Zen Shorts

Book review by
Dawn Friedman, Common Sense Media
Zen Shorts Book Poster Image
A beautiful introduction to Zen thinking.

Parents say

age 4+
Based on 2 reviews

Kids say

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A lot or a little?

The parents' guide to what's in this book.

Positive Messages

Encourages kids to think about important topics like generosity and forgiveness.

Violence & Scariness

What parents need to know

Parents need to know that this lovely, gentle book provides an introduction to Zen thinking. These retellings of classic Buddhist stories will get kids thinking about topics they can relate to, from sharing with others to letting go of grudges.

User Reviews

  • Parents say
  • Kids say
Parent of a 5-year-old Written byCarlyandColesDad August 5, 2009

Great book for the whole family

We love reading these beautiful little stories.
Adult Written bykalleyeope April 9, 2008

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What's the story?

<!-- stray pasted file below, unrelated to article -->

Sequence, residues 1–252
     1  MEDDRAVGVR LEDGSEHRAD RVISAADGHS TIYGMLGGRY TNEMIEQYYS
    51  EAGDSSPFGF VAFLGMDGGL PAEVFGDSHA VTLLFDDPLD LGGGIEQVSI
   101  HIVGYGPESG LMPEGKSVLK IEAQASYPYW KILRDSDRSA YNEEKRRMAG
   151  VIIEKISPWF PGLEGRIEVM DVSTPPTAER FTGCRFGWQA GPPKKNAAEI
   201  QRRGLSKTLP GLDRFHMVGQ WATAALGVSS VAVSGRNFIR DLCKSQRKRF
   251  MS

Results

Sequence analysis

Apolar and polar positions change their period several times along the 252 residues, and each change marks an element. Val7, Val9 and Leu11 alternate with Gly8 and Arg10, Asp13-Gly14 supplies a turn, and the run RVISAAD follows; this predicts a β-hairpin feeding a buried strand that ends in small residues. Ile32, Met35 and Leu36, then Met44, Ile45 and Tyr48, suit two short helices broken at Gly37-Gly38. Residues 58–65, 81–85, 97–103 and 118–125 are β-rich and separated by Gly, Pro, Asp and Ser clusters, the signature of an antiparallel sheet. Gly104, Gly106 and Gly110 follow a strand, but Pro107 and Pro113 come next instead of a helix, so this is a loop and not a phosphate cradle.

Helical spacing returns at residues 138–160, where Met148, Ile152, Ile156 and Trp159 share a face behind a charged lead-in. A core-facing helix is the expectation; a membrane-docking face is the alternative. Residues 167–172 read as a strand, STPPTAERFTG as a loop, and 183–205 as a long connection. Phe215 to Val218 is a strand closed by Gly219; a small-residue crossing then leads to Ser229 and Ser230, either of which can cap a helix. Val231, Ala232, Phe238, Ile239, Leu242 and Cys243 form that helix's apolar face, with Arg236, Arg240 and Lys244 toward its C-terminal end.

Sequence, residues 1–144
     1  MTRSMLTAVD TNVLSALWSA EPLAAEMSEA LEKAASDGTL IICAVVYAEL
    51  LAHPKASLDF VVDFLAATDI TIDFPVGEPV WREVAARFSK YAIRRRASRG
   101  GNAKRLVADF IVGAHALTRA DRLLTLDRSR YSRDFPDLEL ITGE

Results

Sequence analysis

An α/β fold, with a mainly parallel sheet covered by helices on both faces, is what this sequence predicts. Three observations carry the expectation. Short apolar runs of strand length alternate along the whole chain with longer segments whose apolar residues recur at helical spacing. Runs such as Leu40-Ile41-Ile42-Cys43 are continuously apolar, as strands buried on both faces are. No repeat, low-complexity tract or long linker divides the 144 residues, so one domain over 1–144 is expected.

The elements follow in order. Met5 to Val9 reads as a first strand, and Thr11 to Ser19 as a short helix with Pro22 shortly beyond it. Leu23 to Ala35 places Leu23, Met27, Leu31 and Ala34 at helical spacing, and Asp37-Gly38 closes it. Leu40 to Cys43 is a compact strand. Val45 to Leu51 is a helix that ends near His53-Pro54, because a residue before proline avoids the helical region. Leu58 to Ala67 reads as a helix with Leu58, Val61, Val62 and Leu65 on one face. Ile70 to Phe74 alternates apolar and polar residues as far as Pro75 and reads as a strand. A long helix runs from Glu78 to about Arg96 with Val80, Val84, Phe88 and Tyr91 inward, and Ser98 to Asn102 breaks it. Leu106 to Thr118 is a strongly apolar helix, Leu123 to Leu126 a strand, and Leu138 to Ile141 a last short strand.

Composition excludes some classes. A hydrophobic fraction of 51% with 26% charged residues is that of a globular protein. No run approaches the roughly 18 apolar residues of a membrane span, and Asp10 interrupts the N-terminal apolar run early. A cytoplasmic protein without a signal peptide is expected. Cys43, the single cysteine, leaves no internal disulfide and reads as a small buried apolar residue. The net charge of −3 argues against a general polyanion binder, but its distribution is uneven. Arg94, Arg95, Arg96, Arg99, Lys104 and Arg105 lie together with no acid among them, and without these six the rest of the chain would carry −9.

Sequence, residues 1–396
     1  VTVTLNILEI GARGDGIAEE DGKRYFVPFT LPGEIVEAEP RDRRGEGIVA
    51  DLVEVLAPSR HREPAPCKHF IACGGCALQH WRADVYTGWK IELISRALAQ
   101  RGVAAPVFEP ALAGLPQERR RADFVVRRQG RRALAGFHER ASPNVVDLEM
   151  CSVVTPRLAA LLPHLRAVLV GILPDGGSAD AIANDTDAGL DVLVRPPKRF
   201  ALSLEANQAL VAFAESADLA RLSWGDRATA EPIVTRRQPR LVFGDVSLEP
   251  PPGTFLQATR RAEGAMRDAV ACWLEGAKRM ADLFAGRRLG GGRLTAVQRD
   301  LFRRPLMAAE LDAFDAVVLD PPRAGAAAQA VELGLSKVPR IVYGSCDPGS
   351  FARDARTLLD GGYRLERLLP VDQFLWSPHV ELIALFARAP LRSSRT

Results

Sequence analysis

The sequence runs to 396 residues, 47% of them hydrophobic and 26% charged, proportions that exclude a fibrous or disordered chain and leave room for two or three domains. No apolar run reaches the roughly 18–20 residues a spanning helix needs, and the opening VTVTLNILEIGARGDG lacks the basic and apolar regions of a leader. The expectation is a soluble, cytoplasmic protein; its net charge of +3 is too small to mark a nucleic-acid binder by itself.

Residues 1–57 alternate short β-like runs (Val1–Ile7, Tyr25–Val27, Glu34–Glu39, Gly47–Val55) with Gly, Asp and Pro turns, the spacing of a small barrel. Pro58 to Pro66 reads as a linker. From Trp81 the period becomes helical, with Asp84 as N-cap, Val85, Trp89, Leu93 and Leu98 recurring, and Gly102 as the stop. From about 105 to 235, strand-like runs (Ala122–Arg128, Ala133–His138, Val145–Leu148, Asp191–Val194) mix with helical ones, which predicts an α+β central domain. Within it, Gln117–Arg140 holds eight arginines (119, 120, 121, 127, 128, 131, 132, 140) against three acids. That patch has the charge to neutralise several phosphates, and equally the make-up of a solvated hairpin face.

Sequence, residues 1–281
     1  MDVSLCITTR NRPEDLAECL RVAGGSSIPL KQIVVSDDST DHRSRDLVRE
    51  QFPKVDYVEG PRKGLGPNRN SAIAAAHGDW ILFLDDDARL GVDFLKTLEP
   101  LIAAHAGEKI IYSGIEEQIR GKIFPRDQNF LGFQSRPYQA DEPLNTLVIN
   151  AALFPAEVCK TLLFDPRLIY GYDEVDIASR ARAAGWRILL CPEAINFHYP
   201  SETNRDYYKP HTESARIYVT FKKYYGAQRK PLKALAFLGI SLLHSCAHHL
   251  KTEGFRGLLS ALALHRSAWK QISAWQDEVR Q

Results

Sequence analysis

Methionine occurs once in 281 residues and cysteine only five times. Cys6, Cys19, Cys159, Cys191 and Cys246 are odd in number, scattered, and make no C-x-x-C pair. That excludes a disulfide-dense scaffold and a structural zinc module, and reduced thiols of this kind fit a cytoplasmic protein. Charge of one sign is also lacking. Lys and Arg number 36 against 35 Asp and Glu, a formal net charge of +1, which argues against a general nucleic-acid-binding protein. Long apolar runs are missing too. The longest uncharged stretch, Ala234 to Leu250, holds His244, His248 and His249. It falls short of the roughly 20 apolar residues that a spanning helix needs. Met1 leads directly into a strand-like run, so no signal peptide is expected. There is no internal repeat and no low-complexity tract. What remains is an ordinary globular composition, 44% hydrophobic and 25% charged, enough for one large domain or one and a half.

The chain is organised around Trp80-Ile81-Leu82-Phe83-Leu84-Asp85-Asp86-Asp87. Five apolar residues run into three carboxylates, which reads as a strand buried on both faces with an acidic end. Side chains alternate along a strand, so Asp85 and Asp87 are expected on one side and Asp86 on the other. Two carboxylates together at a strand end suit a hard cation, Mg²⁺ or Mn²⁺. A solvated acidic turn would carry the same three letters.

New neighbor Stillwater shares Zen wisdom with his new human friends, retelling three classic Buddhist stories.

Is it any good?

The beautiful watercolor and ink illustrations, like the stories, are deceptively simple, but a careful examination will reveal small details that reinforce the Asian inspiration. On the last page, Muth gives more details about Zen, the real people behind his imaginary characters, and shares the origins of the stories. Kids who are ready to think about complicated ideas about justice, kindness, and retribution will value the book, and even younger kids who just want entertainment will be pleased.

Stories within a story give readers many layers to enjoy and explore. Jon Muth writes about three siblings with a new neighbor -- a giant panda named Stillwater with the wisdom of an ancient Buddhist monk. Stillwater doesn't lead his listeners to any conclusions, which guarantees that each reading can lead to new ideas and epiphanies.

Talk to your kids about ...

  • Families can talk about the complex ideas presented in these simple fables. Parents and kids can talk about the advantages of generosity in the face of greed, the true meaning of luck, and the burdens of bearing a grudge.

Book details

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